Microsoft Patch Tuesday Roundup - July 2010 - "Jedi Mind Trick Edition"

by Paul Asadoorian
July 15, 2010

Which Vulnerabilities Are You Looking For?

When Microsoft releases their patches each month, I find it interesting to review the criticality of each vulnerability. Microsoft has, in their typical fashion, used some very interesting wording to describe the latest batch of vulnerabilities. When reading each security bulletin, I try to imagine the worst-case scenario and look at the glass as half empty. Microsoft seems to paint a picture and believes the glass to be half full by using phrases such as:

In MS10-042: "The vulnerability cannot be exploited automatically through e-mail." - I believe what they are stating here is that the user can't just open up an email to have the exploit trigger. Instead, the user has to either open an attachment or click on a link. I can tell you from first-hand experience that it’s not difficult to get someone to click on a link. Typically, you just need to tell them that they've qualified for a free iPad. Getting the user to open an attachment is a little bit trickier, and usually requires more research about the target audience and/or organization. However, this does not mean the attack can't scale to trick thousands of people, as did an email appearing to come from the World Cup with an Excel document attached. The Excel document posed as a schedule for the World Cup, but really contained malware that attempted to infect the end-user's computer.


"These aren't the vulnerabilities you're looking for. You can go about your business."

Detecting Recurring Vulnerabilities

by Ron Gula
July 14, 2010

One of the advantages of Tenable’s suite of Unified Security Monitoring products is that continuous vulnerability monitoring can be used to find reintroduced security issues. Vulnerabilities that were once mitigated but are now back again represent process and organizational issues that must be handled differently. Simply reporting the vulnerability again and waiting for it to be patched does not address the fundamental flaw in the process. This blog entry discusses how recurring vulnerabilities are detected, some of the reasons why they may be recurring and how you can track and report on them with Tenable’s SecurityCenter.

Microsoft Patch Tuesday - February 2010 - "From Microsoft with Love" Edition

by Paul Asadoorian
February 10, 2010

Patch Tuesday Gives Birth to "Zombie Wednesday"

The Tenable research team spent the night writing 14 new plugins to check for the latest round of Microsoft patches. While many will have to schedule patch installations, those who run with full automatic updates enabled are theoretically all patched by now. However, it doesn't hurt to check with a quick Nessus patch audit.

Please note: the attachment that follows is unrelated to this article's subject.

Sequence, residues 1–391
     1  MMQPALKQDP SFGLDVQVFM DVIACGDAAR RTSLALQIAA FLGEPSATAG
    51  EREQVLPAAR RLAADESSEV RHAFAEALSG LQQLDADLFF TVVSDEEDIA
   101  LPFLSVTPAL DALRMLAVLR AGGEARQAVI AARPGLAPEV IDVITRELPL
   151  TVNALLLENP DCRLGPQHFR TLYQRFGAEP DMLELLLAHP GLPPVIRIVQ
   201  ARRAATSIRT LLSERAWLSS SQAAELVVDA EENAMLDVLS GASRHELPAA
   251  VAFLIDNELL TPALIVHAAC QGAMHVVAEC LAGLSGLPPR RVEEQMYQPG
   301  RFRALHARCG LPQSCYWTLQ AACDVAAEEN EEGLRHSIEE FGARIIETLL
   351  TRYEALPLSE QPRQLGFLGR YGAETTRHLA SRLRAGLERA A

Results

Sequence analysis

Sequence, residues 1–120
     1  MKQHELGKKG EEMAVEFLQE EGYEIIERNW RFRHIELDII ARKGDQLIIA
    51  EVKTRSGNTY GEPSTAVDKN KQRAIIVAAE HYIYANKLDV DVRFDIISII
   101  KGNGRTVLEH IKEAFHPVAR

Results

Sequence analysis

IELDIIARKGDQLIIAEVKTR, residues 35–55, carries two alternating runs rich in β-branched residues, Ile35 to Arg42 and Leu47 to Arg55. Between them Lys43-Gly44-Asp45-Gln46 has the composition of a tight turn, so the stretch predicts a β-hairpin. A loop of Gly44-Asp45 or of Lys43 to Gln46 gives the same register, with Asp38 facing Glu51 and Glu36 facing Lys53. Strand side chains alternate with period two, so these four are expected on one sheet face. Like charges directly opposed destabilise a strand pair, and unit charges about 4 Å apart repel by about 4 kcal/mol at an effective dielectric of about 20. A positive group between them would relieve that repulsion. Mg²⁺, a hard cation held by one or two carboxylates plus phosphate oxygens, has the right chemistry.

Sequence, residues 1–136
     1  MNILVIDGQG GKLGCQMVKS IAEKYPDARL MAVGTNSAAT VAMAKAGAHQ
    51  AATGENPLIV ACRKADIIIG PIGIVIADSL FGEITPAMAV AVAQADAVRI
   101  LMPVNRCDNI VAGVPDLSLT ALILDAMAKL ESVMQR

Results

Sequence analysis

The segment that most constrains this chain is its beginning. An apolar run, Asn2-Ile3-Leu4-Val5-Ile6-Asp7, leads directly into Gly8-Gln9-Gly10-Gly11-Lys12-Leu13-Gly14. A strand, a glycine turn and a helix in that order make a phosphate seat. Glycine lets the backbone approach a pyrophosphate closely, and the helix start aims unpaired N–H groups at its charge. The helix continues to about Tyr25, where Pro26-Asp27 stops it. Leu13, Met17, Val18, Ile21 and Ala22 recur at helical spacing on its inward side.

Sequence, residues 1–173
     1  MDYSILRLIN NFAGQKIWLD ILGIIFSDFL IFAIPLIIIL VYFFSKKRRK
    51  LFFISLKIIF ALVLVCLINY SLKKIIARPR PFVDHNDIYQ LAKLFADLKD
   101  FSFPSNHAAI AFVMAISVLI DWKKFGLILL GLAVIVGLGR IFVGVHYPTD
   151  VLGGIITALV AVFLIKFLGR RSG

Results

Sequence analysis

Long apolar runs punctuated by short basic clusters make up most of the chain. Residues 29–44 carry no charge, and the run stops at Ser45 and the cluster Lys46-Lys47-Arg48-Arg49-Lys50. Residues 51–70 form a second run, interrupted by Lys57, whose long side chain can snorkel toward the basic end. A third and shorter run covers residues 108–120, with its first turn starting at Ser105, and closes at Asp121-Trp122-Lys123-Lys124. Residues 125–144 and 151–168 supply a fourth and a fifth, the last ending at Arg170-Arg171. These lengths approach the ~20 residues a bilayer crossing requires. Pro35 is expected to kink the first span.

Microsoft is in Love With the Word "Could"

There are several terms used by Microsoft throughout their advisories that spread uncertainty about the risk of the vulnerabilities presented. The excessive use of the world "could" is one such example. In the MS10-002 bulletin Microsoft states:

"An attacker who successfully exploited this vulnerability could gain the same user rights as the local user. Users whose accounts are configured to have fewer user rights on the system could be less impacted than users who operate with administrative user rights."

I “could” also win the lottery, inherit millions of dollars and walk on water. In the case of this exploit "could" is an exceptionally bad word choice as there are several example videos showcasing the exploit in action using open-source software. The other issue with the above statement is the obligatory "users with less rights on the system will be less impacted". Someone should tell the Microsoft PR team that there are two privilege escalation exploits on the list this month, and one has been widely publicized for almost a month. On that note, let’s take a closer look at the 14 bulletins and 26 vulnerabilities that were patched this month.

Putting OSVDB to work for Nessus Vulnerability Management

by Brian Martin
January 20, 2010

A customer recently asked us to provide a count of patches issued in 2009 for various Unix and Linux-based operating systems. To honor their request, we turned to OSVDB, the Open Source Vulnerability Database. OSVDB covers over 60,000 vulnerabilities, spans over 26,000 products and has a powerful search engine that can produce search results based on disclosure date(s), vendor and/or product, CVSSv2 scores, references, vulnerability classifications and more. When generating any statistic regarding vulnerabilities, it is important to qualify the statistics and understand they are only as good as the data set that generated them. While OSVDB does not have a complete data set, it is the only Vulnerability Database (VDB) that provides powerful and flexible search capabilities.

Top 10 Nessus Plugins For 2009

by Paul Asadoorian
December 24, 2009

Plugins, Glorious Plugins